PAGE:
Here, we take a deep dive into what the new super-SUV is made of – and why – with Land Rover's chief engineer, Nick Collins. The new car is based on what Land Rover calls the D7x architecture; the 'x' is for extreme. It’s a 100 per cent new aluminium monocoque, which Collins says is the right choice to deliver the capability required for a Defender today.
It's fundamental to the toughness of the car, and there ‘are no corners cut’.
Land Rover says the Defender’s chassis is three times stiffer than the next best in market, and can withstand a 6.5-tonne recovery load and 7.0-tonne vertical load through the suspension. It can support 300kg of weight on its roof when static or 168kg when on the go. The Defender has a tow rating of 3.5-tonnes. There are two models on offer, the 90 and 110, with the larger five-door model arriving first in June next year and the smaller three-door set to show up before the end of 2020.
The Defender 90 has a wheelbase of 2.59m, the 110 measures 3.02m. Overhangs are minimised to 845mm at the front and 891mm at the rear.
That leaves an approach angle of 38 degrees at the front and 40 degrees departure angle at the rear. Collins says with the 291mm ground clearance, “if you can get the front of the car over an obstacle the rest of the vehicle is going to follow it”.
The new side-hinged boot door, a requirement for off-road driving to remove the spare wheel from beneath the car, can hold itself open at any angle up to 90 degrees and is properly mounted to the right side of the car with supporting structures Land Rover says will stop the ‘saggy door’ problem suffered by previous models.
On the inside, there are plenty of options for how to configure the new Defender. Even in the 90 models there's space for six occupants, even though the car is actually shorter than an Audi A3. There are three console configurations in the car; open space to walk from row one to row two, a larger centre console with a fridge option, and a jump seat for that 3+3 option. Options for seating will be five and six for the 90, and five and seven for the 110.
The driving position is even 35mm higher than that of the tallest Range Rover, and all the handles and internal structures are designed to be as tough as the car.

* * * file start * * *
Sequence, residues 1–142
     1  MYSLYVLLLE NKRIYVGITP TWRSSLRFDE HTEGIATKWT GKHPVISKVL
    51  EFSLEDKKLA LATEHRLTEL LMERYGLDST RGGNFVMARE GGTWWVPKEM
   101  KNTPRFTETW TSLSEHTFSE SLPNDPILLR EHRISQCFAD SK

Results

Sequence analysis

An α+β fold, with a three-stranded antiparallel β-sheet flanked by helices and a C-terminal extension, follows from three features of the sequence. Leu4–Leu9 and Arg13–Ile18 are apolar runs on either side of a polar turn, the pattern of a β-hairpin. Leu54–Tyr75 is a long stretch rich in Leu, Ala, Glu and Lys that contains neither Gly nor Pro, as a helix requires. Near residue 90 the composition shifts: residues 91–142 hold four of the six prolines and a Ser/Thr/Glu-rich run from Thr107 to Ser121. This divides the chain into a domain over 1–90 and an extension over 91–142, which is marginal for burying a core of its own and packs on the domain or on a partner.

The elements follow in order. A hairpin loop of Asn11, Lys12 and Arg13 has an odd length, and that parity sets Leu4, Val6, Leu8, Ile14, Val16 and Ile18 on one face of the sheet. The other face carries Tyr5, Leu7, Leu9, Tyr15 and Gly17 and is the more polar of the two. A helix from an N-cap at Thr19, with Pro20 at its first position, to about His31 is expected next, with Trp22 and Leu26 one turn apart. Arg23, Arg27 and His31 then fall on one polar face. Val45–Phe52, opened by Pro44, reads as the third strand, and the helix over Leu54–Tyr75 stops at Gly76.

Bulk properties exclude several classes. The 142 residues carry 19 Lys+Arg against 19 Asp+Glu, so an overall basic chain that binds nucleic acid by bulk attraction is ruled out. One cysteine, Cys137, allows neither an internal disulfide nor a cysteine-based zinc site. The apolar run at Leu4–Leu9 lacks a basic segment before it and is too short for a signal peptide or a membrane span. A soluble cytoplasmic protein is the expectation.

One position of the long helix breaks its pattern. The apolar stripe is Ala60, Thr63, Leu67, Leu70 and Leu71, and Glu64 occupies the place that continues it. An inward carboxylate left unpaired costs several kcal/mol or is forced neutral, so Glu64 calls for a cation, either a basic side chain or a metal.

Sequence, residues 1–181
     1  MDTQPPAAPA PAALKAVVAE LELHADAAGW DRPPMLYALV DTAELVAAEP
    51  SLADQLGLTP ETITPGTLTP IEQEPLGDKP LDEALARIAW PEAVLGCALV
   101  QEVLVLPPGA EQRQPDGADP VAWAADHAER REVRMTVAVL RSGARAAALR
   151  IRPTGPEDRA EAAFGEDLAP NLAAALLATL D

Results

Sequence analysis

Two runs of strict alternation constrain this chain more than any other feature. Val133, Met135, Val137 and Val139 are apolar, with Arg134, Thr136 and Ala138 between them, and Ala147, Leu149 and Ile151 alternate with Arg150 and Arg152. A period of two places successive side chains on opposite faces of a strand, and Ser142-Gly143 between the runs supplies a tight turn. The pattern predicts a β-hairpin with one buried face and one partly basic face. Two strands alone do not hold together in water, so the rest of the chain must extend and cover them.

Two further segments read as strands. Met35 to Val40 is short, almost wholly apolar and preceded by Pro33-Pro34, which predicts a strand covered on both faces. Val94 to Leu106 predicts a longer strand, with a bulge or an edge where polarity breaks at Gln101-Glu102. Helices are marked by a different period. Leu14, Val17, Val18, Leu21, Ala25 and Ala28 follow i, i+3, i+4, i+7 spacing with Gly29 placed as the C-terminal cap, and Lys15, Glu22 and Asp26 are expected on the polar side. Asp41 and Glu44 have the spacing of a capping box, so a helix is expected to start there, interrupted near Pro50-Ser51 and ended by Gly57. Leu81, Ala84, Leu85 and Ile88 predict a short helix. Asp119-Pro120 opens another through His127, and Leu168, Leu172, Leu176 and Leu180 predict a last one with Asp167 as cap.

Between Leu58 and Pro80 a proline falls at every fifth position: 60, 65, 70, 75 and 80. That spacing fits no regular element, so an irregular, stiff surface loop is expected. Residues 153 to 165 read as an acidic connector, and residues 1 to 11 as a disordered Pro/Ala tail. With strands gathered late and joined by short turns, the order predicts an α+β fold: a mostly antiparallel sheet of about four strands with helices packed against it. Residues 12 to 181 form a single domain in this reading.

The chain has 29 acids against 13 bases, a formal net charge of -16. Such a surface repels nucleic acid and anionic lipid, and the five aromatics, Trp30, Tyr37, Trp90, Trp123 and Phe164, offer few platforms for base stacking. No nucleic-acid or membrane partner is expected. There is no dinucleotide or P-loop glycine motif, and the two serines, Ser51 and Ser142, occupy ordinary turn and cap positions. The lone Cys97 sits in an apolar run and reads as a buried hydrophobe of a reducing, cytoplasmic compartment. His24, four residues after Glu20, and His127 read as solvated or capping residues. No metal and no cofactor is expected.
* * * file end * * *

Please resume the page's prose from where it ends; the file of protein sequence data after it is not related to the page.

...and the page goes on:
Collins claims if you leave the car in neutral you can push it forward with the grab handle on the instrument panel.
Independent multi-link front double wishbone and integral link on the rear (optional air) suspension holds the car up. One of the tests Land Rover has done is repeatedly run the Defender into a 200mm block at 40km/h, which gives the 7-tonnes of load into the body structure.
The optional air suspension gives a 500mm articulation, raising the front by 135mm and the rear by 145mm allowing for a 900mm wading depth.
The 815mm wheel diameter for the 18-inch wheel is designed for extreme off-roading when required (Collins says you can drive up a big sand dune in Dubai without lowering the tyre pressures) with 12-wheel designs and three-wheel sizes (18-, 20- and 22-inch).
The extreme structure and suspension are added to permanent all-wheel drive with a twin-speed transfer box, locking centre differential and optional active rear differential.
Power is routed through an eight-speed ZF automatic transmission – Collins says you can drive up a 45-degree slope thanks to the strongest driveshafts ever deployed on any Land Rover.
The brakes are no longer physically connected to the master cylinder, now the pedal connects to the actuator which controls a piston-driven hydraulic system. Collins says it produces far more precise and linear brake pressures on-road and allows the traction control system to work better on-road. The system can brake each wheel individually in 150ms from when slip is detected.
Despite its look and purpose, the Defender is also relatively aerodynamic. It has a flat underfloor compromising of reinforced fibre mats with aluminium protective shields, and sophisticated detailing that has brought an aero efficiency of 0.38 Cd. This is even helped by the spare wheel being mounted on the tailgate.